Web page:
Cash Control


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Cash Control


If you don’t want your offspring to spend your inheritance all at once, consider setting up a testamentary trust.

Choose a trustee who’s trustworthy, diligent, responsible, can make good decisions and is organized and discreet.

While most people would like to leave a little bit of an inheritance to the next generation, not every child or grandchild may be ready to receive a lump sum of cash. Fortunately, there are ways to pass down assets while maintaining some control over how those funds are used.

When writing up a will, consider creating a testamentary trust. It allows people to give assets, such as stocks, cash and real estate, to their offspring without handing it over to them to use right away.

We spoke to Christine Van Cauwenberghe, Assitant Vice-President of Tax and Estate Planning at Investors Group, to find out just how a testamentary trust works.

Christine Van Cauwenberghe
B.Comm (Hons), LL.B, CFP, is Assistant Vice-President, Tax & Estate Planning, with Investors Group

  • What are some uses for testamentary trusts?

    They’re a mechanism to provide for the distribution of your estate in a more controlled manner. Think of situations where one spouse predeceases the other, or both spouses die in an accident. Most people would prefer to leave their estate in a way that provides for a structured or staggered distribution. For example, I leave my estate to my three children equally, but if one of them is under the age of 30, then it’s to be held in trust for them, and they get the money in stages until they are 30.

     

    Also, if you have a beneficiary who suffers from a disability and they can’t manage a large sum of money, you could leave it to them in trust and a trustee would have the power to manage the money. Often, the only way disabled beneficiaries qualify for various forms of social assistance is if they have very minimal assets, so this is a commonly used strategy.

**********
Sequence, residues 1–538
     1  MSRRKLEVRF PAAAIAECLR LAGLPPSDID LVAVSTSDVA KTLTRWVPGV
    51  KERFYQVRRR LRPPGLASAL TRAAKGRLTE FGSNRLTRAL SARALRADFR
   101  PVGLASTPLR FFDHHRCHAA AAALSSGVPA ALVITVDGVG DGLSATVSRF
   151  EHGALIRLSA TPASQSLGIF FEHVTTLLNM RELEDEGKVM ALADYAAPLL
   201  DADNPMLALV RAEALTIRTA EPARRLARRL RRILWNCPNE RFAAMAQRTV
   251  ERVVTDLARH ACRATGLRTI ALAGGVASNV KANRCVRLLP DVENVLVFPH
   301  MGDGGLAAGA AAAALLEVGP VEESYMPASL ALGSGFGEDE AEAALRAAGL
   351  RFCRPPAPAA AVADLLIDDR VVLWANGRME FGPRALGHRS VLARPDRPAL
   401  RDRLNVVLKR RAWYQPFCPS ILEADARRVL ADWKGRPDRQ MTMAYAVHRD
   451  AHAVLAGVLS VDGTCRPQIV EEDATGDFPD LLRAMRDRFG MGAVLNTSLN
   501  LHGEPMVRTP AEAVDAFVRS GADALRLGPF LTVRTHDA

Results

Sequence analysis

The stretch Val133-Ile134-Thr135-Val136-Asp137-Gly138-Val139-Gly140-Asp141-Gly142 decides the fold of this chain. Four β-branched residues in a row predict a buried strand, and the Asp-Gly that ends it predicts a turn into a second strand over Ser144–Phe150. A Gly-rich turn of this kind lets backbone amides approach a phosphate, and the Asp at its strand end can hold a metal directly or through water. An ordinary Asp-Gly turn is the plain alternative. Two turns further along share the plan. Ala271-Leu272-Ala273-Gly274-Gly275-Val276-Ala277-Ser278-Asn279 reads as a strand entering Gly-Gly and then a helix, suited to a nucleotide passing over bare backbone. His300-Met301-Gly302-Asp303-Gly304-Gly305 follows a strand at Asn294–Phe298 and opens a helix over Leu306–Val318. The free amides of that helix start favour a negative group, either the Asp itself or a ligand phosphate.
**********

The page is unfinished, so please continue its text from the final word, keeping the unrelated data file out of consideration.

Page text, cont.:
Here’s another use. In a blended family a person might say, “I’m going to leave my house to my new spouse in trust, and he or she can live there in his or her lifetime, but when he or she dies, or sells the house, then the proceeds go back to my children from my previous marriage.”

  • How do you set one up?

    You need to speak with a lawyer who is well-versed in estate planning, preferably with the Trust and Estate Practitioner (TEP) designation, who creates the trust in your will. The will should designate a trustee who manages the assets and it should set out what that person can and cannot do.

     

    It’s also important to make sure that the assets go through your estate. If you make your children or spouse direct beneficiaries on your RRSPs or life insurance, then that money will go directly to them and not into the trust.

  • Who should be the trustee?

    The trustee is often the executor of your estate, but it doesn’t have to be. You want to choose someone who is trustworthy, diligent, responsible, can make good decisions, will file the right documentation and is organized and discreet. It’s a big job and could be a long-term one. Make sure that they have the time – and ask them first.

  • Are there any drawbacks?

    Some people think that setting up a trust is going to allow them to maintain control forever. But say you put the family cottage in a trust so everyone can share it – the beneficiaries still have to figure out how that’s going to work. It may have been better to sell the cottage at the time of death and distribute the proceeds. It’s always a good idea to talk to an advisor, who can help you decide what to do.

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